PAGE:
There were hugs. And a medal. And a really salty jerky bar. I told my friend, “I have cramps in all the places.” One of the race workers laughed.  

This was probably one of the dumber things I’ve done in my life, and I don’t plan to repeat it anytime soon, certainly not without training.  

It took me 3 hours and 26 minutes, but I met my goal: I didn’t quit, and I didn’t die. Not too bad for just showing up!

Hope in the Wilderness

Well crap, I thought as I sat near the back of the church auditorium. It was one of those mornings where I had gone to church hoping, praying, to get word from God about a particular situation. And on that Sunday morning, I got what I wanted – only it wasn’t what I wanted to hear. My pastor spoke the exact words that I loathed, because they told me this situation wasn’t going to resolve any time soon.

Ok God, I really wanted to hear from you today, but seriously?

I’ve been dealing with a situation for several months now. Circumstances have made it very clear to me that it’s time to make a change. So I’ve been working, struggling, and grappling with this issue. Every day I’ve tried to do something to change the circumstances, and every single stinking Sunday sermon over the last few months has told me to chill out and let God work. Dangit.

This entire time, I’ve been impatient. I’m like Violet from Willy Wonka and the Chocolate Factory. I want an oompa loompa NOOOOOWWWW. I’ve made up my mind to change the situation, to move on to bigger and better things, so let’s get a move on. What are you waiting for, God? I’m ready…I think as I tap my foot impatiently.

But here’s the thing: that’s not how this works. You see, God’s got a timeline and much to my chagrin, it doesn’t match up with my own. I find myself in an uncomfortable place. I frankly feel stuck, and I feel lost. Like the Israelites wandering in the wilderness between Egypt and the Promised Land. It was time for them to leave Egypt…but it wasn’t time for them to enter the Promised Land for 40 years. (Dear Lord, PLEASE don’t let this take 40 years.)

Wandering and Waiting

It begs the question – what do you do in the wilderness? For Israel, they just walked and walked and walked around the same few hundred square miles for 40 years. 40 YEARS. They looped around the same sand dune, wore the same shoes, and ate the same weird manna bread every single day. They wandered, and they waited. (Ok, ok, they complained a lot and tried to take matters into their own hands too…but mostly they waited.)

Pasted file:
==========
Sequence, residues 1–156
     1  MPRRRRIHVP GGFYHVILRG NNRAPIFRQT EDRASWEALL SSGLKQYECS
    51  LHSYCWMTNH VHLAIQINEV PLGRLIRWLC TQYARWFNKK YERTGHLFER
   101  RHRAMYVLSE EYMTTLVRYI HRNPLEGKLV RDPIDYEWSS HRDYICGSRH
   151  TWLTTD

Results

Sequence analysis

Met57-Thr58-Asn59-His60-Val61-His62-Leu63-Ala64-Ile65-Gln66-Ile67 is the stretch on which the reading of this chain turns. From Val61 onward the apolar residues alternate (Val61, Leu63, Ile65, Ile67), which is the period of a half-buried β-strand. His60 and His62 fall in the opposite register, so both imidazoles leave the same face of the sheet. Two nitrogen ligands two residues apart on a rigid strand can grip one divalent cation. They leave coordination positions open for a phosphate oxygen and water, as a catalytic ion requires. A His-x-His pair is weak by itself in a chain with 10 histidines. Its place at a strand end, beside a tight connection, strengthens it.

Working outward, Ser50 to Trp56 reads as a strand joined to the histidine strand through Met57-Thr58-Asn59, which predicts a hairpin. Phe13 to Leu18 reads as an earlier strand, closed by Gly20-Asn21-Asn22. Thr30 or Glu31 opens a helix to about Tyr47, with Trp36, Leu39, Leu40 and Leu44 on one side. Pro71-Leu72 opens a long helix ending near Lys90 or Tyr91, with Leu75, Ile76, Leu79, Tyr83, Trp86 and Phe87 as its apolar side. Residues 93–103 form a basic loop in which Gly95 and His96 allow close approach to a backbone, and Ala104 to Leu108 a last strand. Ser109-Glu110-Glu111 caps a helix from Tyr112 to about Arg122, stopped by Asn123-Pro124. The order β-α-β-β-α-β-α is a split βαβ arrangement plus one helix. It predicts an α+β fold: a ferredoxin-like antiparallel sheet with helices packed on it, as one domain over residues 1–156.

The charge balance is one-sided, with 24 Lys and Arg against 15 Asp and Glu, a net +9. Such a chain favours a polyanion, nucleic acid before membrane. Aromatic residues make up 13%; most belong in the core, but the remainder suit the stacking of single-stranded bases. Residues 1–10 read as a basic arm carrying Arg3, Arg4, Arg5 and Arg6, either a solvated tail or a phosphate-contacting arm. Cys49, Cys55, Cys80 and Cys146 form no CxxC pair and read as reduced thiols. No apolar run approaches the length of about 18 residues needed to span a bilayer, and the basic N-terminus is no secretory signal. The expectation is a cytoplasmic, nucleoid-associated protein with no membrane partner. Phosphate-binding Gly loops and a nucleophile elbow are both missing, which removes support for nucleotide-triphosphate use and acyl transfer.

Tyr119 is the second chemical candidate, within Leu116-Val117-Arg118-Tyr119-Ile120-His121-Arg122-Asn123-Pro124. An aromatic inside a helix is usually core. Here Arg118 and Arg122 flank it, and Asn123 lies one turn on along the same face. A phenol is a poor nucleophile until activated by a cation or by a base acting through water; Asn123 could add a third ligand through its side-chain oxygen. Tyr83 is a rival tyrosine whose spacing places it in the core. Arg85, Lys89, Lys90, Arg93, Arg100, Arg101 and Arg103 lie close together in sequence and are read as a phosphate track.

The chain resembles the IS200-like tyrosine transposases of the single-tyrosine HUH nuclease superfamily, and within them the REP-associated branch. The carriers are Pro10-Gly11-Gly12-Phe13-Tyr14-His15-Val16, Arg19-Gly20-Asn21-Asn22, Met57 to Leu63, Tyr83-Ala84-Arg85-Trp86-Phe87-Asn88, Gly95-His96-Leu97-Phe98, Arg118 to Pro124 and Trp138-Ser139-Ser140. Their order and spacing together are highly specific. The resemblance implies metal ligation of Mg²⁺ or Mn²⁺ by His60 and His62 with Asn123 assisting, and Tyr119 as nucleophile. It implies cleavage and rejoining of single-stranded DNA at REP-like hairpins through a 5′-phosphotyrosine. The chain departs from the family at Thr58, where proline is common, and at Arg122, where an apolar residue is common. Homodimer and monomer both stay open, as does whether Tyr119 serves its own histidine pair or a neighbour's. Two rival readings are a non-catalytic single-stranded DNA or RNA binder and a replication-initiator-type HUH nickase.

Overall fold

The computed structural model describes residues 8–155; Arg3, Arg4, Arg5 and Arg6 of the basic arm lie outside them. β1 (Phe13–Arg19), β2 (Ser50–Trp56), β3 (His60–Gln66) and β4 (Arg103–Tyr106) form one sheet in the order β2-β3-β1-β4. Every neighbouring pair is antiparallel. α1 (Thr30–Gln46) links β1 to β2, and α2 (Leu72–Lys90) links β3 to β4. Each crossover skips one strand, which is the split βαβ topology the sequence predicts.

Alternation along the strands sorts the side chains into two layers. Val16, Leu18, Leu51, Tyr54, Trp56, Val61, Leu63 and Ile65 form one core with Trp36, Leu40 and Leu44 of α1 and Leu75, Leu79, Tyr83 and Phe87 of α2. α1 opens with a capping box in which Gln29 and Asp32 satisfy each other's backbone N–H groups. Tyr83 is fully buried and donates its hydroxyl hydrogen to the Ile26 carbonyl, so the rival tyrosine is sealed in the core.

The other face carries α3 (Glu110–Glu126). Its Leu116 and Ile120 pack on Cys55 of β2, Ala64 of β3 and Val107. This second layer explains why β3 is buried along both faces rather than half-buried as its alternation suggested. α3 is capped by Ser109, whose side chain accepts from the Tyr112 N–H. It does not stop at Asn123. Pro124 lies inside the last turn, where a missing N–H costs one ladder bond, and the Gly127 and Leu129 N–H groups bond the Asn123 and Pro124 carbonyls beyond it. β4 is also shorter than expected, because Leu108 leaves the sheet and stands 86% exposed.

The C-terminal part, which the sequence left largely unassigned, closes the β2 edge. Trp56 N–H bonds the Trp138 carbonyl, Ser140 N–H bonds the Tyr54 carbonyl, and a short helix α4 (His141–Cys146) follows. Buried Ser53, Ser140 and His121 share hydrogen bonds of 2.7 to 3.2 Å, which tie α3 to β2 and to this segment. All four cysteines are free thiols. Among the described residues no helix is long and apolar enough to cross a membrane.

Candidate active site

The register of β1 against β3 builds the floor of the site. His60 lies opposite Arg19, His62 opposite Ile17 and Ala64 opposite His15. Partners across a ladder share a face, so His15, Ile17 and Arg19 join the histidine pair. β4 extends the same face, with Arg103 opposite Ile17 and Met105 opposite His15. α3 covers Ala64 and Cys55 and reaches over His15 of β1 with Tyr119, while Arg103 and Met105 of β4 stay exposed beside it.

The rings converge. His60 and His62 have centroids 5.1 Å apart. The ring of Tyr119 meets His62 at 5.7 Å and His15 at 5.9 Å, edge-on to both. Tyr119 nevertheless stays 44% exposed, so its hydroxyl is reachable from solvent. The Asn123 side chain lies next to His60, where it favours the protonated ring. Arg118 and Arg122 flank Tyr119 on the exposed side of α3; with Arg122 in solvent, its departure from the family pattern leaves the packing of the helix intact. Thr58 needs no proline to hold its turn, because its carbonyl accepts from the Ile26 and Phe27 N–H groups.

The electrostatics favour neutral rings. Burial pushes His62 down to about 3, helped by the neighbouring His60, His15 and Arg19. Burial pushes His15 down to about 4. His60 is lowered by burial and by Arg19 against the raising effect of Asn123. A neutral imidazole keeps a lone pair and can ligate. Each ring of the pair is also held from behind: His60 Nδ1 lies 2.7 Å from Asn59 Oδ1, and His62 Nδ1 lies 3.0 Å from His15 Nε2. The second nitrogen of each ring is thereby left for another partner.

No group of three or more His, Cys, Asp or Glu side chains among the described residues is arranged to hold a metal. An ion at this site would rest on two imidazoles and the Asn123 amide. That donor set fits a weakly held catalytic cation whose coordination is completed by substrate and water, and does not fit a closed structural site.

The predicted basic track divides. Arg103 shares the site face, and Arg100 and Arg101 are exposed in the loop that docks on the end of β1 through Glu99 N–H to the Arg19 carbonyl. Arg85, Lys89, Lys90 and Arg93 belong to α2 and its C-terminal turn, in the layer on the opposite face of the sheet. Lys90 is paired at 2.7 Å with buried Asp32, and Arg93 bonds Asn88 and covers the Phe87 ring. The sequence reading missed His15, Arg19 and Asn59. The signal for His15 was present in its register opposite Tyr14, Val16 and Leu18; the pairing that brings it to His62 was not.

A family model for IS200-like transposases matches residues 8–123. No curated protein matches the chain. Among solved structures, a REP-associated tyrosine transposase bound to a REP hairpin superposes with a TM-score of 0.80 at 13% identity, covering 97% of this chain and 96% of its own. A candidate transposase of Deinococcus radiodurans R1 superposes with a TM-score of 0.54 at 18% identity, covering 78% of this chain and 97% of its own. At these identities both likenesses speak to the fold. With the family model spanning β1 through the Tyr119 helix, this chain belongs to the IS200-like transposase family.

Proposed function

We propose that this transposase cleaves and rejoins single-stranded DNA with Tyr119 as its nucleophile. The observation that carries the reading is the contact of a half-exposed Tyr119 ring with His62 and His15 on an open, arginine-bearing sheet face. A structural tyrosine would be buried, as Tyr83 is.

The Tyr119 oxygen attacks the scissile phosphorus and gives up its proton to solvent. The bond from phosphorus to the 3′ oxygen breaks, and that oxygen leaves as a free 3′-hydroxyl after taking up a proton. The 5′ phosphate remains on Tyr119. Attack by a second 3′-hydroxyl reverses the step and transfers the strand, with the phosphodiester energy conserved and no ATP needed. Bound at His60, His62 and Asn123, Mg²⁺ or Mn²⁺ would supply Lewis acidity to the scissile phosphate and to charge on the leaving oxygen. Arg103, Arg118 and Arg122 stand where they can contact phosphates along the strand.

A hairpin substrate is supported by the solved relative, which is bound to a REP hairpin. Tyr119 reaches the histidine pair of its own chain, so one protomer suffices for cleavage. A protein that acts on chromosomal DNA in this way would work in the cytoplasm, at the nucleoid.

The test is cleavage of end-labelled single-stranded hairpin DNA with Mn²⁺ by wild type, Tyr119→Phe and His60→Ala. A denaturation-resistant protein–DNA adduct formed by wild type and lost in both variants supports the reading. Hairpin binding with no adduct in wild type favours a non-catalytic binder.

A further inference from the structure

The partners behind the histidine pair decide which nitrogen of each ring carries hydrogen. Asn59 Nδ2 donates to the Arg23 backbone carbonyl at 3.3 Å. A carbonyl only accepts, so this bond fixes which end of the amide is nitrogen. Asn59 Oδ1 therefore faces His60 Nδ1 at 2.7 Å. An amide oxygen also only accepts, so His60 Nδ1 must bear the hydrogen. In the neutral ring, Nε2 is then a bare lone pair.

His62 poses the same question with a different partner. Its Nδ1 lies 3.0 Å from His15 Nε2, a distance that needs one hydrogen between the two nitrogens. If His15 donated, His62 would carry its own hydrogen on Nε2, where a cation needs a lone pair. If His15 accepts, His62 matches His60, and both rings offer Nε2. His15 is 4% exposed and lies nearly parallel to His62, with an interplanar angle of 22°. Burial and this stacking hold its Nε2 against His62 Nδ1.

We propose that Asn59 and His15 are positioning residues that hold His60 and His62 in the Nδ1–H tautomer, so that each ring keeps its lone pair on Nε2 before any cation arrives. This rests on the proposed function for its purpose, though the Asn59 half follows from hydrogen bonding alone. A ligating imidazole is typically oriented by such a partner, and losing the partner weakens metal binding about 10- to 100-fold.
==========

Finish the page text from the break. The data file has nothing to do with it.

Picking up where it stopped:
I hate waiting. HATE. I’m that person whose normal walking pace is akin to a power walker, because I’ve got somewhere to be, so why am I wasting time getting from here to there? I take the most direct route and don’t stop to smell the roses or check out the scenery. I’m on a mission to get somewhere.

But now I wait.

wilderness

Waiting and Hoping

There are really very few things that you can do while you wait on God to move. You can try to ram the door open yourself, but all that’ll get you is a headache. You can try to turn around and go back to where you came from, but the only thing behind you is centuries of slavery and Pharaoh’s army hot on your tail. Or you can continue moving forward one day at a time, keeping your eyes fixed on the Lord and clinging to the hope that He has already brought the victory.

Nothing about hope is easy. Hope is far away; it’s hard to see, a tiny speck off in the distance. It’s much easier to focus on the challenges; heck, they’re right in front of you rearing their ugly head and breathing down your neck.

Nothing about hope is quick. It’s slow. It’s in the future. I mean, that’s kind of the point – if hope were already accomplished, we’d call it “now” and not “hope.”

But everything about hope is necessary. Hope forces you to question what God is doing and really wrestle with your feelings of doubt and insecurity about His plan. It makes you look back at previous situations and recognize He brought you through each one at exactly the right time in a way that was in your best interest. And once you’ve wrestled and remembered, hope gives you the strength to keep moving forward for one more day – even if it’s past that same sand dune and you have to eat that same stupid manna bread one more time.

Hope as an Anchor

The thing about hoping in God is that it isn’t just hope. It’s reality. It’s a promise. It has already been accomplished, because it’s based on God’s word and His character. So when God makes you a promise, you can hope with confidence, because if God has promised it, He has already brought it to pass. “We have this hope as an anchor for the soul, firm and secure.” (Hebrews 6:19)

It’s a lot easier said than done; trust me, I know. But if you need me, I’ll be over here in the wilderness – wandering, waiting, and hoping.

Anchor

dark forest

Are You Afraid of the Dark?

This article first appeared at Unapologetically American on January 27, 2016. 

I won the workout tonight at Crossfit. By a lot. On some level I’m happy about it — I mean, who doesn’t like to win? Who doesn’t appreciate knowing their hard work is paying off? I certainly do. I love knowing that I put in the effort, trusted the process, and came out a better athlete on the other side.

But I have mixed feelings.

See, here’s the thing: tonight wasn’t the first time I’ve won the workout. It’s happened several times in recent weeks. I got a big new max on my clean and jerk. I shaved almost 25% off my Grace time. Prescribed weights are light. I finished tonight’s workout several minutes before the next person and still had gas in the tank. It keeps happening, and that’s a problem.